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Archbishop Gerhard Ludwig Müller, prefect of the Congregation for the Doctrine of the Faith (CNS photo)

Amid speculation that next year’s Synod of Bishops will discuss the possibility of allowing divorced and remarried Catholics to receive the Eucharist, the prefect of the Congregation for the Doctrine of the Faith has published a lengthy article arguing from Scripture and Church tradition that they cannot.

The piece by Archbishop Gerhard Ludwig Müller was published in today’s edition of L’Osservatore Romano, and comes on the heels of the Vatican’s expressing disapproval of a move by the Archdiocese of Freiburg, Germany to allow divorced and remarried Catholics to receive Communion.

Archbishop Müller outlines the Church’s teaching on the indissolubility of marriage, starting with Sacred Scripture:

Above all, it was his controversies with the Pharisees that gave Jesus occasion to address this theme.  He distanced himself explicitly from the Old Testament practice of divorce, which Moses had permitted because men were “so hard of heart”, and he pointed to God’s original will: “from the beginning of creation, God made them male and female.  For this reason a man shall leave his father and mother and ... the two shall become one flesh.  What therefore God has joined together let not man put asunder” (Mk10:5-9; cf. Mt 19:4-9; Lk 16:18).  The Catholic Church has always based its doctrine and practice upon these sayings of Jesus concerning the indissolubility of marriage.  The inner bond that joins the spouses to one another was forged by God himself.  It designates a reality that comes from God and is therefore no longer at man’s disposal. 

Archbishop Müller also addresses the differences between Catholic and Orthodox practices on divorce and remarriage. These differences were briefly referenced by Pope Francis during his in-flight Q&A with reporters as he returned from World Youth Day in Rio last July. Müller writes:

In the Orthodox Churches today, there are a great many grounds for divorce, which are mostly justified in terms of oikonomia, or pastoral leniency in difficult individual cases, and they open the path to a second or third marriage marked by a penitential character.  This practice cannot be reconciled with God’s will, as expressed unambiguously in Jesus’ sayings about the indissolubility of marriage.  But it represents an ecumenical problem that is not to be underestimated.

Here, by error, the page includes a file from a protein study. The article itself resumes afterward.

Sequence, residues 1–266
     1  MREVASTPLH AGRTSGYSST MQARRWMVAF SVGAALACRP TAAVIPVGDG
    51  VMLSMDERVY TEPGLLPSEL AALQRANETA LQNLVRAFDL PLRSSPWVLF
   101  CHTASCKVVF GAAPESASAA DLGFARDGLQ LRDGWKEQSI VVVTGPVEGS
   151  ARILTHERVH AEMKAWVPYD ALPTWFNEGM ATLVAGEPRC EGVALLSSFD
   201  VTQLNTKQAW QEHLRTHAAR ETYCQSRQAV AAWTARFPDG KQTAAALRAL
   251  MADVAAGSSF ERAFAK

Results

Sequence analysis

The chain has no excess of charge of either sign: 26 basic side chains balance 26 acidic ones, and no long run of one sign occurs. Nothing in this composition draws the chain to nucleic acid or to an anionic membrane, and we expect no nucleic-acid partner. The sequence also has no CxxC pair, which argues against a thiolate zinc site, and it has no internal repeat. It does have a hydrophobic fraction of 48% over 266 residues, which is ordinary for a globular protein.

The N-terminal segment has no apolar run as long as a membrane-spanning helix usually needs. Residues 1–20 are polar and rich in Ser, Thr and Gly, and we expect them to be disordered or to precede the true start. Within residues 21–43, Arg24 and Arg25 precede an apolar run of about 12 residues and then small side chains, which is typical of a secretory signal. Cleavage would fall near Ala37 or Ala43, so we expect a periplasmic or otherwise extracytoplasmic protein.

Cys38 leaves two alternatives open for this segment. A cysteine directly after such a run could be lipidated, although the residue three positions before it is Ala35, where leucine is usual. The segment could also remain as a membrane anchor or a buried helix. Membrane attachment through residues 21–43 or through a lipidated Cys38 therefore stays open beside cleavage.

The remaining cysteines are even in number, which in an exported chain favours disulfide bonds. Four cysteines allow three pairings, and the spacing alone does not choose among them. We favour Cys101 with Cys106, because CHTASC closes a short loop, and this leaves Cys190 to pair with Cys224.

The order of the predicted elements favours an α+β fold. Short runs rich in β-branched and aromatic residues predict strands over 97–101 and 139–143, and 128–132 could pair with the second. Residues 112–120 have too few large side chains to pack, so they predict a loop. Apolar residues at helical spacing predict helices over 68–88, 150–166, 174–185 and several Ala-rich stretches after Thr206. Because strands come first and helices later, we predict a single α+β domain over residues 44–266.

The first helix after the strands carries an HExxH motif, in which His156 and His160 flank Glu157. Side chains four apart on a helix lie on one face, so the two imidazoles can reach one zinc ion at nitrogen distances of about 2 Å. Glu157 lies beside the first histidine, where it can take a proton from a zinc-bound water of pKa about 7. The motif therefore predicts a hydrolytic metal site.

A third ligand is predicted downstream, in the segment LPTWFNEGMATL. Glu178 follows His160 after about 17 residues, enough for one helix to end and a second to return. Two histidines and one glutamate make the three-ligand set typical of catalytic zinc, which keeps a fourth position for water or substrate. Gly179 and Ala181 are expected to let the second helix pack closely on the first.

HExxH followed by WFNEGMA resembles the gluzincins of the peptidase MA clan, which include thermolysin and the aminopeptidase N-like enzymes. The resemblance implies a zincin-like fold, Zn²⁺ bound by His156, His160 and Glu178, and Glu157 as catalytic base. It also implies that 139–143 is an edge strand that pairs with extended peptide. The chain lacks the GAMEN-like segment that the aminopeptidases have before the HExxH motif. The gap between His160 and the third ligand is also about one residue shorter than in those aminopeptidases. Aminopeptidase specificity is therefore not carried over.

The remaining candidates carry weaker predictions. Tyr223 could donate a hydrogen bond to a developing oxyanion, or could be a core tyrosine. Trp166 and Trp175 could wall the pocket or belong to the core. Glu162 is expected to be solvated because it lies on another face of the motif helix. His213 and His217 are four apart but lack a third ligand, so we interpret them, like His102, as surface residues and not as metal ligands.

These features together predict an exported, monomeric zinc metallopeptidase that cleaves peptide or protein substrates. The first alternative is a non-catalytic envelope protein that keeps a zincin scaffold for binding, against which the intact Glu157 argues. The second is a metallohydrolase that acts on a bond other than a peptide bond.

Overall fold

Archbishop Müller summarizes the many instances of magisterial teaching on the question of remarriage after divorce and the reception of Communion, up to the pontificate of Pope Benedict XVI, who acknowledged that the issue is a “complex and troubling pastoral problem” amplified by the distorted view of marriage held by many today:

[Pope Benedict] confirms “the Church's practice, based on Sacred Scripture (cf. Mk 10:2- 12), of not admitting the divorced and remarried to the sacraments”, but he urges pastors at the same time, to devote “special concern” to those affected: in the wish that they “live as fully as possible the Christian life through regular participation at Mass, albeit without receiving communion, listening to the word of God, eucharistic adoration, prayer, participation in the life of the community, honest dialogue with a priest or spiritual director, dedication to the life of charity, works of penance, and commitment to the education of their children”.  If there are doubts concerning the validity of the failed marriage, these are to be carefully examined by the competent marriage tribunals.  Today’s mentality is largely opposed to the Christian understanding of marriage, with regard to its indissolubility and its openness to children.  Because many Christians are influenced by this, marriages nowadays are probably invalid more often than they were previously, because there is a lack of desire for marriage in accordance with Catholic teaching, and there is too little socialization within an environment of faith.  Therefore assessment of the validity of marriage is important and can help to solve problems.

In closing, Archbishop Müller expresses the need “to show pastoral concern” for divorced and remarried Catholics:

The path indicated by the Church is not easy for those concerned.  Yet they should know and sense that the Church as a community of salvation accompanies them on their journey.  Insofar as the parties make an effort to understand the Church’s practice and to abstain from communion, they provide their own testimony to the indissolubility of marriage. 

 

Clearly, the care of remarried divorcees must not be reduced to the question of receiving the Eucharist.  It involves a much more wide-ranging pastoral approach, which seeks to do justice to to the different situations.  It is important to realize that there are other ways, apart from sacramental communion, of being in fellowship with God.  One can draw close to God by turning to him in faith, hope and charity, in repentance and prayer.  God can grant his closeness and his salvation to people on different paths, even if they find themselves in a contradictory life situation.  As recent documents of the Magisterium have emphasized, pastors and Christian communities are called to welcome people in irregular situations openly and sincerely, to stand by them sympathetically and helpfully, and to make them aware of the love of the Good Shepherd.  If pastoral care is rooted in truth and love, it will discover the right paths and approaches in constantly new ways.

The full article in L’Osservatore Romano can be read here.

 
About the Author
Catherine Harmon catherine.harmon@catholicworldreport.com

Catherine Harmon is managing editor of Catholic World Report.
 
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